#88 La ONU y la justicia fiscal
#87 Meses electorales en América Latina
#89 20 años de la red de justicia fiscal
Invitadxs

En este programa con Marcelo Justo y Marta Nuñez:

  • Naciones Unidas da un paso por la justicia fiscal y social.
  • La situación en México y Brasil, las dos economías más grandes de la región.
  • En nuestra miniserie sobre los 10 mitos fiscales, el mito número seis y el número siete: mito número 6: para crecer hay que bajar los impuestos.
  • Y mito Número 7: Las grandes corporaciones son las que pagan más impuestos.

 

Transcripción

Naomi: “Hello and welcome to the Taxcast, the Tax Justice Network podcast. We’re all about fixing our economies so they work for all of us. I’m your host, Naomi Fowler. You can find us on most podcast apps. Our website is www.thetaxcast.com. You can subscribe to the Taxcast there, or you can email me on [email protected] and I’ll put you on the subscriber’s list. Get in touch and tell me what you think of the show! OK, on the Taxcast…

[dog sounds and jet sounds]

…spoiled pets and private jets. We can’t afford the rich. But there’s plenty we can do about it. So, come fly with us…yeah, I know it’s cheesey!”

[Music: Sinatra, Come Fly With Me]

Naomi: “Whether you’re pretty wealthy, even wealthier or super-stonkingly rich, if you choose it, there’s no long waits at airport check-ins for you, and no need to expose yourself to diseases by mixing with the public – seriously, monkey pox and covid are two of the reported reasons private aviation’s booming. And apparently it’s tough in the private jet business, as this entrepreneur explains. I hope you’re taking notes!”

Entrepreneur: “About a year ago in the beginning of 2022 I started a private jet charter broker company with a partner and here’s the reasons why you should not start this business: first off, the customer is very, very specific and very, very hard to market to. The person you’re going after that’s going to spend 20, 30, 40, 50,000 dollars on a private jet flight for a single charter is somebody that makes between 5 and 10 million dollars a year or more. Now how do you acquire these customers? If you have a very good organic network and you know a lot of high net worth individuals that charter jets specifically then this may be a business model for you, but for myself even knowing a lot of people that make a million dollars a year, two, three million dollars a year, even those people in my network often do not travel via private jet, it’s simply not worth the cost. If you’re making a hundred thousand dollars a month net or even gross, whatever it may be, twenty-thousand dollars on a trip is quite a lot of money and it really just doesn’t make sense if you can fly first class or whatever, so the customer is very, very hard to go after. My business as a private jet charter broker is over, it’s a failure for me.”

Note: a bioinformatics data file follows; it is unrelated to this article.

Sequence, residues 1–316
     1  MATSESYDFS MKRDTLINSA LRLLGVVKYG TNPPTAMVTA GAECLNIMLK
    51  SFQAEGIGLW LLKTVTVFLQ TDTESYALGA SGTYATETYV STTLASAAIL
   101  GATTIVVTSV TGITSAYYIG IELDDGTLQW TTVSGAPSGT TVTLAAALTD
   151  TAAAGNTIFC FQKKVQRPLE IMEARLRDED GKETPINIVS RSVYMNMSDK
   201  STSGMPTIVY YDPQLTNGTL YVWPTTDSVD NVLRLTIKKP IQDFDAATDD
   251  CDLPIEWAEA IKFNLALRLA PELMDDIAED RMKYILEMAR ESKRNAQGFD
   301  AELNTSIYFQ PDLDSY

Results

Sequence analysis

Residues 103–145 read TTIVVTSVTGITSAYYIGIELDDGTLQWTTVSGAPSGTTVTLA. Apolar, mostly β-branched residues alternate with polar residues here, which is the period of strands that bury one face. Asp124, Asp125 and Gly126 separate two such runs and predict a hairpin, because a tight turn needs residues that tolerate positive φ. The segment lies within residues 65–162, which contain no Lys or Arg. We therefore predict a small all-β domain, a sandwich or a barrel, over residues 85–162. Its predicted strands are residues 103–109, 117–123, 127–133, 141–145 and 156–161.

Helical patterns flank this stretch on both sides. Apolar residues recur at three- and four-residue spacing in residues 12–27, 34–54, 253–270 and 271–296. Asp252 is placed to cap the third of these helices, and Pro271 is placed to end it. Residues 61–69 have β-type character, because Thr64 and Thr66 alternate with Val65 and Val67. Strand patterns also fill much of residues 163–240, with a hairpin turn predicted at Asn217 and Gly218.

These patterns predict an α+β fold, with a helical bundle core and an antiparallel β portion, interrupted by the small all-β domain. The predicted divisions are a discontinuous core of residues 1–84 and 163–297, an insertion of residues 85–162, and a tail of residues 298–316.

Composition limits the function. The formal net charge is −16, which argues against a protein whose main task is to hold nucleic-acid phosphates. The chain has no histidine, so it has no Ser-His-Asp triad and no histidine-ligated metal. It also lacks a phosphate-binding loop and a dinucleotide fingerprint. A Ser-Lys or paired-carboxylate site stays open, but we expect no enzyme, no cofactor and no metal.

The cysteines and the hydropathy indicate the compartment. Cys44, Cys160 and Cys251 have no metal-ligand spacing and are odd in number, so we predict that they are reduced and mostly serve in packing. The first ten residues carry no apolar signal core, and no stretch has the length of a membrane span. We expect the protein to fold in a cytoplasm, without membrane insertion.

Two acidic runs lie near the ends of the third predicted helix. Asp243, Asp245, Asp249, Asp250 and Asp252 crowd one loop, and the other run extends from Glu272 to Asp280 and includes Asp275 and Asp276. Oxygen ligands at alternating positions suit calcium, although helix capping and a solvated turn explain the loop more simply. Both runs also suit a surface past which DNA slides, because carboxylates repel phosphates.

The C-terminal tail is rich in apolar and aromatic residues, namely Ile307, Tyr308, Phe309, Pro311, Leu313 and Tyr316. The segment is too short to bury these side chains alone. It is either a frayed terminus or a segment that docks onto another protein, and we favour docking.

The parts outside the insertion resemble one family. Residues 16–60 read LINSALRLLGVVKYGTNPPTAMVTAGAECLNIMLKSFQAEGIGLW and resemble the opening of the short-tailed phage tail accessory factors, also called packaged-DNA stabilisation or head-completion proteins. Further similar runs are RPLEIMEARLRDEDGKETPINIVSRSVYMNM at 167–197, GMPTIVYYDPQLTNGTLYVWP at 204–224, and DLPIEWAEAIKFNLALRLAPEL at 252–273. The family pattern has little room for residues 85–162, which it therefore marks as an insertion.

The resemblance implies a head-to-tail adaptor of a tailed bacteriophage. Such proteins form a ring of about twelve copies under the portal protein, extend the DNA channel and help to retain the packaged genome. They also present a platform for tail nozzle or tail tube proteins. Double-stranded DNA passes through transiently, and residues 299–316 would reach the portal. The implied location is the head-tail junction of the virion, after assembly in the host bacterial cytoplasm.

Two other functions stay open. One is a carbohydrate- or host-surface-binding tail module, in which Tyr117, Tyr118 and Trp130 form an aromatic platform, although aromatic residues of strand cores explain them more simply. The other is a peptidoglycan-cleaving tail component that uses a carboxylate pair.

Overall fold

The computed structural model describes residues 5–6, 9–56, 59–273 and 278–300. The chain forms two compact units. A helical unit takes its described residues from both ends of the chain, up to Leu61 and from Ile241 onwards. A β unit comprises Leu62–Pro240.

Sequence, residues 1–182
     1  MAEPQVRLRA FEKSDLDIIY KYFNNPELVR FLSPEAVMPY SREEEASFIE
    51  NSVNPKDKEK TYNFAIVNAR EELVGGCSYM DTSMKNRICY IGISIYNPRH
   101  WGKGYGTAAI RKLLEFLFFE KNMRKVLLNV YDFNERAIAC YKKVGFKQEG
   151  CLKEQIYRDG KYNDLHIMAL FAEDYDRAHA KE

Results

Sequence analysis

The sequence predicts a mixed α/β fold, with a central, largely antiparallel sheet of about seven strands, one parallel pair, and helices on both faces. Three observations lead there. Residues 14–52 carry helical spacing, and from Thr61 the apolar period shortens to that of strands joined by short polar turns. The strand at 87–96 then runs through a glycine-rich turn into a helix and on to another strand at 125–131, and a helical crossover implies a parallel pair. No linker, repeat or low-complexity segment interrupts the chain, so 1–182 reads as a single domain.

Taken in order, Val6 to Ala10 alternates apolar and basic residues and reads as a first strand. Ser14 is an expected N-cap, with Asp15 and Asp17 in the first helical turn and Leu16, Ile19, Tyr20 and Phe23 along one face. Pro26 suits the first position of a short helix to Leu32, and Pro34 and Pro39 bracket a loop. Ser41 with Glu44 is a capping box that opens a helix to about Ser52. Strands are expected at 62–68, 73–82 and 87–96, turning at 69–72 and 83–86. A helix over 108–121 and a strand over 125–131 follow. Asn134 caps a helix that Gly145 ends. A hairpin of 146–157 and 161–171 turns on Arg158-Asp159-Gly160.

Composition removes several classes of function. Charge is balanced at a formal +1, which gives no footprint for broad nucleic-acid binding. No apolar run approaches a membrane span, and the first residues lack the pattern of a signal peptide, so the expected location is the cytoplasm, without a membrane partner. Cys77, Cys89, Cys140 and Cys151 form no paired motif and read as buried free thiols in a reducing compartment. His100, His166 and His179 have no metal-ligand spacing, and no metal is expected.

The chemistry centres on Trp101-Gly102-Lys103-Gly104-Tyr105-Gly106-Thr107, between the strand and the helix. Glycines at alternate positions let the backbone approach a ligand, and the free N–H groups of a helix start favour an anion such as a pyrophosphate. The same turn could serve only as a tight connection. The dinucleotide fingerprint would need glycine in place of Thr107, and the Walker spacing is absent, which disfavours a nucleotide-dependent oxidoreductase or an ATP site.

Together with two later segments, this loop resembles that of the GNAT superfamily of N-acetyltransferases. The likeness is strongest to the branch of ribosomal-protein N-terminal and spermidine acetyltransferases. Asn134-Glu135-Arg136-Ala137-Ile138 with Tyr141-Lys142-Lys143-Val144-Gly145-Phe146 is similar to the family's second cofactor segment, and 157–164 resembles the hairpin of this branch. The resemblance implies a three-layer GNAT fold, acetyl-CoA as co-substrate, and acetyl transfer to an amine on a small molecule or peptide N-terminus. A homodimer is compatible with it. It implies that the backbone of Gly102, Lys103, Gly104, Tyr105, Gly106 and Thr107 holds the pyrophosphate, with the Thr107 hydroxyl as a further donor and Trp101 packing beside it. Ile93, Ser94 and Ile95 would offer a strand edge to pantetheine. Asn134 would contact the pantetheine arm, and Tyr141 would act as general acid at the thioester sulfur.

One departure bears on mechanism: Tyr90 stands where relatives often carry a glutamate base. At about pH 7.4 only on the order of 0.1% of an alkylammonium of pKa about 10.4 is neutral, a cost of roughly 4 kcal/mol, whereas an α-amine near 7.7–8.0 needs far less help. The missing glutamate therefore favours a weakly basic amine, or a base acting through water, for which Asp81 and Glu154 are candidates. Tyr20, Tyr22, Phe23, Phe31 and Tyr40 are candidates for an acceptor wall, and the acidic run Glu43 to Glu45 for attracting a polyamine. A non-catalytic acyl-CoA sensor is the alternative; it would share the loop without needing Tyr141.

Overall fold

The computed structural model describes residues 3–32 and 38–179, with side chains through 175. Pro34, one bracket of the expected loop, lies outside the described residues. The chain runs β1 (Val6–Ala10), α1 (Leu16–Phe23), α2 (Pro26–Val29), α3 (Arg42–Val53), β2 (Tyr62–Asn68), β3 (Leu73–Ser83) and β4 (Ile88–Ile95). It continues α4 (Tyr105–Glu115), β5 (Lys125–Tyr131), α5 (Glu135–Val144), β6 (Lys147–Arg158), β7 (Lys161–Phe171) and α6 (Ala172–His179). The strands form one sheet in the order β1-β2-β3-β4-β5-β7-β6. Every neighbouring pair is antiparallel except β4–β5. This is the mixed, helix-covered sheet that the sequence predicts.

Naomi: “Oh dear! So this guy didn’t own any private jets himself. What he was doingwas connecting up wealthy people to private jet operators for a fee. And he was mainly using google ads to get his leads. In that YouTube video, he says he was investing about $1714 to get enough clients who eventually paid up for private jet flights, and he made an average of $1837 per flight. You can see why he gave it up!

But a few steps up from that, there are of course big multi-million dollar companies that own, lease and operate entire fleets of private jets. The number of private jets globally has gone up 133% in the last 20 years. But there are some challenges to their business model too – listen to this conversation among colleagues in this sector. This is a video made by one of the world’s biggest private jet companies, Luxaviation:”

Interviewer: “Do you get many clients asking for sustainable fuel?”

Colleague 1: “Well, I think we need to work on that as an industry, I think we do a lot, we’re starting to look at sustainable aviation fuel to run some of the aeroplanes, er we’re starting to look at more efficient engines and I think we can, we can work, you know within our parameters, we’ve got to do as much as we can to convince people that we’re part of the overall transport plan. I think going forward, you know, one of our questions is the perception of business aviation, it’s going to be a challenge for us.”

Naomi: “Hm. And it’s not just public perceptions they’re worried about:”

Colleague 2: “I mean you only have to look to the US and see you know there are several people who are tracking every aviation flight, you’ll see Bernard Arnault has just sold his aircraft based on the tracking and the sort of sustainability pressure, and some of the large pharmaceutical companies have decided to sell up their fleets as well. I think we’d be kidding ourselves to think that they are no longer flying privately, I think they’re probably going to less trackable methods.”


Otras Fuentes

1

Launching the Tax Justice Network’s new climate initiative (there’ll be more on this soon).

2

How to stop Russian Oligarchs in Their Tracks, from the International Consortium of Investigative Journalists.

3

Watch Brooke Harrington speak at Follow the Money – War, Climate and Tax Havens, a Tax Justice Norway event.

4

Brooke Harrington interview on Offshore Wealth as a Complex System.

5

Complex systems of secrecy: the offshore networks of oligarchs, by Ho-Chun Herbert Chang, Brooke Harrington, Feng Fu, Daniel N Rockmore.

6

This Luxembourg Businessman got Europe’s Public Corporate Registries Shut Down: but whose privacy was he protecting? By Dragana Peco (OCCRP/KRIK), Alina Tsogoeva (OCCRP), Antonio Baquero (OCCRP), Tom Stocks (OCCRP), Luc Caregari (Reporter.lu), and Carina Huppertz (Paper Trail Media/Der Spiegel)
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